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Is your job making you sick? New research says it can

A new study finds that job stress and lack of sleep are key causes of depression among working women.
A new study finds that job stress and lack of sleep are key causes of depression among working women.
Photo by Justin Sullivan/Getty Images

According to the CDC, as much as 9.1 percent of the adult population of the United States suffers from depression at any given time. The Mayo Clinic reports that risk factors for this mood disorder include abuse of alcohol and/or other drugs, experiencing a serious illness or injury, and the use of certain medications, including sleeping pills and some cardiac drugs. Now, a team of Korean researchers says that job stress and lack of sleep can be added to that list.

In an article published in the Annals of Occupational and Environmental Medicine, Dr. Ho-Sung Cho and colleagues at Sunkyunkwan University and Gyeonsang National University describe a close relationship between job stress and depression, as well as sleep deprivation and depression, among women working in the finance, manufacturing, and service industries. The team collected demographic data as well as data on work-related stress, sleep quality, and depression from nearly 5,000 women working at 16 different companies in Korea.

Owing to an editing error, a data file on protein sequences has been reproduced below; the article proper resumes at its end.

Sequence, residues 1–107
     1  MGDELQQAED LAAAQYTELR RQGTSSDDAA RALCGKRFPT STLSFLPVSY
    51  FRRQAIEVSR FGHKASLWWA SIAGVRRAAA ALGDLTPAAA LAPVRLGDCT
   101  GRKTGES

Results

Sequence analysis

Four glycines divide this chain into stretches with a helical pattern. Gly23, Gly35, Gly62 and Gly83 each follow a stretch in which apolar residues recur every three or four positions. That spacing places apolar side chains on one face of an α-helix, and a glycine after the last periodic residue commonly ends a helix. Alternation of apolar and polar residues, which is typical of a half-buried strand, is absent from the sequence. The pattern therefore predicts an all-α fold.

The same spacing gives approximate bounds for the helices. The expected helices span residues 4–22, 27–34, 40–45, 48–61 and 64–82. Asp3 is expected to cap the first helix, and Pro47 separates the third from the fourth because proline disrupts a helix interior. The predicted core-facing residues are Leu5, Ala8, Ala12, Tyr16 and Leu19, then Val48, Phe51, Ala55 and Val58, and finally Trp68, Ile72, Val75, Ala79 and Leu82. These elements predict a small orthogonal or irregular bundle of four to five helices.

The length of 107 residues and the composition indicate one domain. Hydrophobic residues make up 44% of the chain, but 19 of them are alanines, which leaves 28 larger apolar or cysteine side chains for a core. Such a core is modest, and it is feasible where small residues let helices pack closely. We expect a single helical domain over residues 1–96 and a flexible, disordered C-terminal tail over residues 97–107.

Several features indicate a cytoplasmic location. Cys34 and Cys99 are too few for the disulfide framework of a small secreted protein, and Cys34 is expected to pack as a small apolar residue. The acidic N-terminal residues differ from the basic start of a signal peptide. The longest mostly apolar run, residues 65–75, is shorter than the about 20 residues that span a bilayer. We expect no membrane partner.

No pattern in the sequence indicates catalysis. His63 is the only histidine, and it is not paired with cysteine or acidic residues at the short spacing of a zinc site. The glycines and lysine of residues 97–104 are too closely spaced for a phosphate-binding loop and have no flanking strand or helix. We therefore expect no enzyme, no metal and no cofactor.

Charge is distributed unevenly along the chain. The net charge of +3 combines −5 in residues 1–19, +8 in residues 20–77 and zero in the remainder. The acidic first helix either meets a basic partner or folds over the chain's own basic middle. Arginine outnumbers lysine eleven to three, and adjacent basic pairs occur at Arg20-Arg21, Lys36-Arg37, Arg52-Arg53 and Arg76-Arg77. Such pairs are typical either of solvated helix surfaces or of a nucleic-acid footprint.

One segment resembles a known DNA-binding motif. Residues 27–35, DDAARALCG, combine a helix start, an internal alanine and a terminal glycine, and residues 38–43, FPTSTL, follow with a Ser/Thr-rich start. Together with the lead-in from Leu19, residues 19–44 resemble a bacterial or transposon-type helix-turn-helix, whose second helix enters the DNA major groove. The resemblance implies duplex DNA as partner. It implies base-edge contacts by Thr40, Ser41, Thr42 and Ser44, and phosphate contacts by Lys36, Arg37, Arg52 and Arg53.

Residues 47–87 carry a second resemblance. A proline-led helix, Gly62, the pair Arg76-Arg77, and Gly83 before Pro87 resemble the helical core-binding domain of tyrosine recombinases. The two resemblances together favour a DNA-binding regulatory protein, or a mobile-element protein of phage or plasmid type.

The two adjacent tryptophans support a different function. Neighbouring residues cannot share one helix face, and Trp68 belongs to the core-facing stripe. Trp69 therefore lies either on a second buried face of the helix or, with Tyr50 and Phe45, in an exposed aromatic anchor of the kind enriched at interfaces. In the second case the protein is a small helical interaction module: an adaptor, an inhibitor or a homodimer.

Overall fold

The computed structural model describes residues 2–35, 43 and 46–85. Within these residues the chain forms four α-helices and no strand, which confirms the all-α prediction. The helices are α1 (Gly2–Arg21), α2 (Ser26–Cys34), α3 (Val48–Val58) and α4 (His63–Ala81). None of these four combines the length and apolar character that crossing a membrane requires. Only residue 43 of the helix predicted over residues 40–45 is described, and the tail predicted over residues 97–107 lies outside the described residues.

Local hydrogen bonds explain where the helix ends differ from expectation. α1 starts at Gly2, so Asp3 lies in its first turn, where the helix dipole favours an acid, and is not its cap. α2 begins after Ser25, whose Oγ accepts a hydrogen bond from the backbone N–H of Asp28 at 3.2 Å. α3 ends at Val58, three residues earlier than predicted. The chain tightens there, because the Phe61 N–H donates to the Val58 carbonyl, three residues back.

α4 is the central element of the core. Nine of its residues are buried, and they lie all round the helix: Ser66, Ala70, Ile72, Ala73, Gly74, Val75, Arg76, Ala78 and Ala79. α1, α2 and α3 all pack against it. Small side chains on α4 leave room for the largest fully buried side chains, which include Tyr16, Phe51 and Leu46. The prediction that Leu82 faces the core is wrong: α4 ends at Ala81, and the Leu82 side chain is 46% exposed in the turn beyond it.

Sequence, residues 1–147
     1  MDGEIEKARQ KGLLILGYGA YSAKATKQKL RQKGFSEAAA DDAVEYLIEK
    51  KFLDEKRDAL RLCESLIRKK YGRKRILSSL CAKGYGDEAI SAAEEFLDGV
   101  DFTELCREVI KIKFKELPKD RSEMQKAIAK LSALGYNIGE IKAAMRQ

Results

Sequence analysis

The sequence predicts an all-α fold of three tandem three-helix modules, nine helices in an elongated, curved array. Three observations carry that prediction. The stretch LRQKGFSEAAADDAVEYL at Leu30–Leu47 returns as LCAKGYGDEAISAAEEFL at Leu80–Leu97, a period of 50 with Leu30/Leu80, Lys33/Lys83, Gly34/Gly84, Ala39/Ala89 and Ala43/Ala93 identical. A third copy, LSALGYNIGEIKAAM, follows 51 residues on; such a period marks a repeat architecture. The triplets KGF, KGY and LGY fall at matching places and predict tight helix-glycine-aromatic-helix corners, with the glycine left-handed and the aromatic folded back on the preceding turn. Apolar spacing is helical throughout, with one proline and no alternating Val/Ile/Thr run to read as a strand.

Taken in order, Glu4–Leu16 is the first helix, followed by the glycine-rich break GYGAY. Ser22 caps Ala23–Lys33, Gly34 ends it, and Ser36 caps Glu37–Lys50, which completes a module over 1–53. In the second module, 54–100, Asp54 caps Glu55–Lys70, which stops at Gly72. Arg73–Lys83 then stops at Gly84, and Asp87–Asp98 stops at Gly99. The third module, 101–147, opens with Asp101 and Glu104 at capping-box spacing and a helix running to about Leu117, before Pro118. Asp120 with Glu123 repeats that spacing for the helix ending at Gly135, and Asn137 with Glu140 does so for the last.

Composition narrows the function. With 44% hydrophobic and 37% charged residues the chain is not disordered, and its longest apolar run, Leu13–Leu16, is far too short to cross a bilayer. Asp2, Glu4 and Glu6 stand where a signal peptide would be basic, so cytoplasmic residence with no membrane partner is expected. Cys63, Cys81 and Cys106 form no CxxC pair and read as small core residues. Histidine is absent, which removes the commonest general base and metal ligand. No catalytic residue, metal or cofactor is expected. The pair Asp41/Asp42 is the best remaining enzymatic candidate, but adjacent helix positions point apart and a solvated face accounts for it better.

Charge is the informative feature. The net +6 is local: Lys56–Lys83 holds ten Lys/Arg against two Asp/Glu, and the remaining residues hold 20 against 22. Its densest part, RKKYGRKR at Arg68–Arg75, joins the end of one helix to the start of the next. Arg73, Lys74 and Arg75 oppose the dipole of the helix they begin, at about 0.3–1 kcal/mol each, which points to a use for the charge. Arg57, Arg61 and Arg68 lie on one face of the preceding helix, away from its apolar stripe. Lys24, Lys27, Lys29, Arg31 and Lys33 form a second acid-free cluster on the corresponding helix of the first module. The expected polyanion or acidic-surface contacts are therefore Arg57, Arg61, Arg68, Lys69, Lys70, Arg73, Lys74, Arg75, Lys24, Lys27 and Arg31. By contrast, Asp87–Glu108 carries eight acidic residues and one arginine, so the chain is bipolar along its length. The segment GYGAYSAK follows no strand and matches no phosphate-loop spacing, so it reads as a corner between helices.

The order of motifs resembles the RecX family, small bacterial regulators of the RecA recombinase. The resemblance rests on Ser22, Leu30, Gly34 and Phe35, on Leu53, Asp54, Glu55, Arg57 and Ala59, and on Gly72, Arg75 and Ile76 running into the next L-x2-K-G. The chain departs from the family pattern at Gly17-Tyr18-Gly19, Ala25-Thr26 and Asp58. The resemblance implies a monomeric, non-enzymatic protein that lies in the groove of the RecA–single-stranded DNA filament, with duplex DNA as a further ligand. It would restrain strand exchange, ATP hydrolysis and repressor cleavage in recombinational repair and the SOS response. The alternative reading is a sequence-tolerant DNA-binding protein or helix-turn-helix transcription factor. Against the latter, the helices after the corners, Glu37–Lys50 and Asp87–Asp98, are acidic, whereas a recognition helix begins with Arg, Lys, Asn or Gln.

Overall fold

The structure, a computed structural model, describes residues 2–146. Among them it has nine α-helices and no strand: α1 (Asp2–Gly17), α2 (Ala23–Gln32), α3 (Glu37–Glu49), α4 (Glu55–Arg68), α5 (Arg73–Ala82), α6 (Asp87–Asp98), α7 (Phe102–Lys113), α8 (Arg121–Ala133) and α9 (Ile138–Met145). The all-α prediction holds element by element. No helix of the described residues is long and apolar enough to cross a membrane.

Their findings are striking. Using a 95 percent confidence interval, the likelihood that a study participant from the "high job stress" group suffered from depression was 3.72 times the likelihood that someone from the "low job stress" group. With the same level of confidence, the researchers state that women with poor quality of sleep are 4.30 times as likely to be depressed as women with good quality of sleep.

After removing potentially confounding variables such as age, alcohol consumption, body-mass index (BMI), educational level, and marital status, the predictive values of job stress level and sleep quality level were similarly strong: women with high levels of job stress have an odds ratio (OR) of 3.58 compared to their low-job-stress peers, and women with poor quality of sleep have an OR of 3.81 compared with their better-sleeping peers. Specific factors creating job stress and affecting depression include lack of reward, unreasonable communication, and a hierarchical environment.

What are the implications of these results? Dr. Cho's team believes that undertaking a larger study with a deeper investigation of specific stress- and sleep-related factors will shed more light on the underpinnings of work- and sleep-related depression. The team also recommends that workplaces set "depression management standards," particularly for women.